MaximumBytesPinned is the maximum number of bytes that can be pinned by PerformanceSuite cache management. This is intended to be a substantial portion of memory, as pinning the memory is the mechanism used to provide the operating system with an LRU cache. This cannot exceed available physical memory and is also constrained to be a minimum of 64 pages. The default value is 70% of memory in excess of 24 MB. This ensures that sufficient memory can be made available to allow the proper functioning of the system, while still allowing a generous allocation to the cache. Compare this to the File System Cache limit which is approximately 90% of all memory.

MaximumPinnedBytesPerFile is the largest file for which PerformanceSuite performs any cache pinning. PSFilter does not affect the caching of larger files. The default size is 64K bytes.

DelayedCleanupProcessRate is the rate that files are unpinned from the cache such that the least recently used file is unpinned first. In this fashion, memory is not held pinned for any excessively long period, making memory available for other applications. The default is 600 files per minute.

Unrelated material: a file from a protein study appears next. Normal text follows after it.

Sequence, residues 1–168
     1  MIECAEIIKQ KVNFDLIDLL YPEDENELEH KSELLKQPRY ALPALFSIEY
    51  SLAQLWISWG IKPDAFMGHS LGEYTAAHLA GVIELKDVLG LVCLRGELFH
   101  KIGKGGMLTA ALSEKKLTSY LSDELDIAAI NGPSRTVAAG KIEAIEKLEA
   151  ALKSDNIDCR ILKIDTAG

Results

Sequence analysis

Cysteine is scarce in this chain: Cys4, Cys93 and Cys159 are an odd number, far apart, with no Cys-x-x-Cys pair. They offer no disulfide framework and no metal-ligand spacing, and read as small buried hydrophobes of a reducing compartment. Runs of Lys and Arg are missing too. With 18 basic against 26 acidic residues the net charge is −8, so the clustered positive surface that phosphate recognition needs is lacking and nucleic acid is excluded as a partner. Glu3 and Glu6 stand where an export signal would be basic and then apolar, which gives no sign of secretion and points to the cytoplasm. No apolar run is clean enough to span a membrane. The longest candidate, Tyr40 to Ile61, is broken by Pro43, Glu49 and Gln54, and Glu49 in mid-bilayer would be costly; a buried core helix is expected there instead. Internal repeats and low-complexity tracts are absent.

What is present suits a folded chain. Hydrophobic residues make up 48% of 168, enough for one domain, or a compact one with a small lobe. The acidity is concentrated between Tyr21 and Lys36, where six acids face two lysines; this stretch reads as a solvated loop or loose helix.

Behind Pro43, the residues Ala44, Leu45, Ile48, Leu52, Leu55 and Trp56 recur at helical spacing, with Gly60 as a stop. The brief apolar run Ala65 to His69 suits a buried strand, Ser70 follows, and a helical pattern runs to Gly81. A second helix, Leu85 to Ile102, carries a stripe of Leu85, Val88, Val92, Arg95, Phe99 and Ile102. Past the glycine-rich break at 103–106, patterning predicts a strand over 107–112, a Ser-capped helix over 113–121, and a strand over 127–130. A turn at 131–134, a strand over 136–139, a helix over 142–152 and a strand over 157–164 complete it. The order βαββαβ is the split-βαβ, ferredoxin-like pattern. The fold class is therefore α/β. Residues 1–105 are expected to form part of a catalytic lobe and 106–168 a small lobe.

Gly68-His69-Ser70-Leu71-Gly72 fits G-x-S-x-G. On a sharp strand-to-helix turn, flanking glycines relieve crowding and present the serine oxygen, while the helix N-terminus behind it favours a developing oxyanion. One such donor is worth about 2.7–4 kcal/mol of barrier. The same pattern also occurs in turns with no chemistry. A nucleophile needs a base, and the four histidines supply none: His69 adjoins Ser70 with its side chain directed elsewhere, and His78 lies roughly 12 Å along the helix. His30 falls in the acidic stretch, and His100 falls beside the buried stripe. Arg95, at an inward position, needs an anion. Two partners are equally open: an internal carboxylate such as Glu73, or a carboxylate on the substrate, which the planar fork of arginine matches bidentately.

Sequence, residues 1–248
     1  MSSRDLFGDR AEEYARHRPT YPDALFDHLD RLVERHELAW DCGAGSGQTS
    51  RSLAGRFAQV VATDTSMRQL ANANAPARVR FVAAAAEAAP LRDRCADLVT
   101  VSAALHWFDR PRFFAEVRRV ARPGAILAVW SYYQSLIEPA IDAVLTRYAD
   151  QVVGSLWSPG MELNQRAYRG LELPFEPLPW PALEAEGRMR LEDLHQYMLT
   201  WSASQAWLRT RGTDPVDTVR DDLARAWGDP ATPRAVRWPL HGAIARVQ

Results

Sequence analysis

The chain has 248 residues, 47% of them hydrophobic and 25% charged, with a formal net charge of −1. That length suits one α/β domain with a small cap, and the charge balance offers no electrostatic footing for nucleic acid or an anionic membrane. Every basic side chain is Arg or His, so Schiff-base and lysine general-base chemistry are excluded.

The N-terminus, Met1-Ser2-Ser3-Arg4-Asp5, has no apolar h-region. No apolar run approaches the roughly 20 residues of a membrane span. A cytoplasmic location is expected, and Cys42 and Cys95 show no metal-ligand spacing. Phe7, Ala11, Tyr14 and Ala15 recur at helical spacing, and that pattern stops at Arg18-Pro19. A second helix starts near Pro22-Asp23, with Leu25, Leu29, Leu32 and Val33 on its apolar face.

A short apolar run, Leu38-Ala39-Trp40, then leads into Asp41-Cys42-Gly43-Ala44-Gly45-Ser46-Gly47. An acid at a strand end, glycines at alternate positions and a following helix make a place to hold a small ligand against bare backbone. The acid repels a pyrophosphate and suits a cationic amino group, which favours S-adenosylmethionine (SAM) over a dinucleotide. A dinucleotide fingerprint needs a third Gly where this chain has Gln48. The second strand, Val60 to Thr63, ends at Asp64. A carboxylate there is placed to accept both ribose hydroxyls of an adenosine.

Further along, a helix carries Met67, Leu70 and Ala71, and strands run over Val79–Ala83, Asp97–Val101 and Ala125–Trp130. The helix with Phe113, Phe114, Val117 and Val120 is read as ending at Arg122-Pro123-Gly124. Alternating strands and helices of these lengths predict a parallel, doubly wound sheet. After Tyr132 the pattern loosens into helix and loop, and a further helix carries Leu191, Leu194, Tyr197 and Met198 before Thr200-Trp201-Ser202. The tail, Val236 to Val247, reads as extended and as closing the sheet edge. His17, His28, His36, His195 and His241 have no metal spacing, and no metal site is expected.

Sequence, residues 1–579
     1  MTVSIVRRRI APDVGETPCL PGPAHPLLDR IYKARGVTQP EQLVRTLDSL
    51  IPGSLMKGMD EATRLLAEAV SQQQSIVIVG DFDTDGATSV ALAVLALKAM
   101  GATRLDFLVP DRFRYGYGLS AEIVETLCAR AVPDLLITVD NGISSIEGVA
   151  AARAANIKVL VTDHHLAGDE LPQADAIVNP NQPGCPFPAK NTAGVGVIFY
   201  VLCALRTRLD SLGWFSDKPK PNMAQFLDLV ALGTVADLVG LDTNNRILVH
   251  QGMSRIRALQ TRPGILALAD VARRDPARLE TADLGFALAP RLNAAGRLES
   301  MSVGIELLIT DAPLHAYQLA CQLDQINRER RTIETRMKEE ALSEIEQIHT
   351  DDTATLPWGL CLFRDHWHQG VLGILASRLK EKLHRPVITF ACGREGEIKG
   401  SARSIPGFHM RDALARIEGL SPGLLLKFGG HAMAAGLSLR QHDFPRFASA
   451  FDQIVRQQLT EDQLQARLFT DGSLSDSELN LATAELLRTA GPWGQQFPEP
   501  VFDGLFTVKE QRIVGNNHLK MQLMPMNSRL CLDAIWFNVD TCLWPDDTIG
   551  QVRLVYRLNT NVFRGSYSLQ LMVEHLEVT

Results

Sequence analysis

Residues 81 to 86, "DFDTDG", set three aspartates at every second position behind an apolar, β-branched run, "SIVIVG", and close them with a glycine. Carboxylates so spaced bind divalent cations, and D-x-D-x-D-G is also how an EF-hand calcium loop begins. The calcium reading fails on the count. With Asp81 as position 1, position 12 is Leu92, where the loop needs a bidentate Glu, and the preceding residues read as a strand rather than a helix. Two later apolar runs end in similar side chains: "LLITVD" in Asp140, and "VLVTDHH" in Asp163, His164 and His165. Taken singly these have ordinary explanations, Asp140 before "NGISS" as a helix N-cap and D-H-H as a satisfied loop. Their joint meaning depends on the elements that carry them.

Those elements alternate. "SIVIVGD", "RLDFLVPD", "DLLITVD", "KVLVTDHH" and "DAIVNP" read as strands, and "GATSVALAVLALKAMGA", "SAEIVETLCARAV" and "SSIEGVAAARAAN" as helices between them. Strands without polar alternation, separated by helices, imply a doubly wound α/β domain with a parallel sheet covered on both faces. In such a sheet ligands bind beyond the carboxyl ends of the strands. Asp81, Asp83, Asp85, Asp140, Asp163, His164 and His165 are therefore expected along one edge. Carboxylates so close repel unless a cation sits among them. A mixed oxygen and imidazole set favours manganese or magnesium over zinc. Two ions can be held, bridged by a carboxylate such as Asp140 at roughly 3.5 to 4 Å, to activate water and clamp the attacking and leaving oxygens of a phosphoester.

AllowCachePinning is a boolean flag set non-zero when pinning of files in the cache is allowed. This is non-zero by default.

PreventAccessTimeUpdate is a boolean flag set non-zero when PerformanceSuite disables access time updates for files that are monitored. This is non-zero by default.

AllowOpenByFileld is a boolean flag set non-zero when PerformanceSuite allows the use of the map file to determine a file's internal identifier and to change an open to be done by identifier instead of by name. This is non-zero by default.

The PS_USER_FS_SET_PARAMETERS control option takes the same structure as the PS_USER_FS_GET_PARAMETERS, a PS_PARAMETERS structure, but as an input buffer with no output buffer being used.